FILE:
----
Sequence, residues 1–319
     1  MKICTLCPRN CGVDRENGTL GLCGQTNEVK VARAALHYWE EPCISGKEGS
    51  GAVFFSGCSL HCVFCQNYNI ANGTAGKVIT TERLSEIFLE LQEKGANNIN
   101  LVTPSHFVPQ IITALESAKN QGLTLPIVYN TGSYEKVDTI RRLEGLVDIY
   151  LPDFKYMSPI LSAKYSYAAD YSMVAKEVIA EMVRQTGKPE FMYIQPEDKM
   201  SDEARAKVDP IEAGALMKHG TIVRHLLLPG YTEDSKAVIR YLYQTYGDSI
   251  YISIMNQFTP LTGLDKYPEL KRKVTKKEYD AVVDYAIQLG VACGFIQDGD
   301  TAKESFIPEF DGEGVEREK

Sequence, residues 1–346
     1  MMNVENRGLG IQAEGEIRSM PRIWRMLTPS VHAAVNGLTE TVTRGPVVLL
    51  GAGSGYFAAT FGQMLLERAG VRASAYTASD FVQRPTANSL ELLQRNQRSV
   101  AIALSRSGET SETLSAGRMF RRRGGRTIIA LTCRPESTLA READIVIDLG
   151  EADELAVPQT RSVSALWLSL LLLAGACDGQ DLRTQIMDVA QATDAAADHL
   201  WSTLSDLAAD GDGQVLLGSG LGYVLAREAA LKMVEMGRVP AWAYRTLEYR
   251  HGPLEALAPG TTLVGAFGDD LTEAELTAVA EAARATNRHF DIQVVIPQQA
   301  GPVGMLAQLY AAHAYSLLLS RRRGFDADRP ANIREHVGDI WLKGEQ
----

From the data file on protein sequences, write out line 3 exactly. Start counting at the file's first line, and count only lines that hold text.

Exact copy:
    51  GAVFFSGCSL HCVFCQNYNI ANGTAGKVIT TERLSEIFLE LQEKGANNIN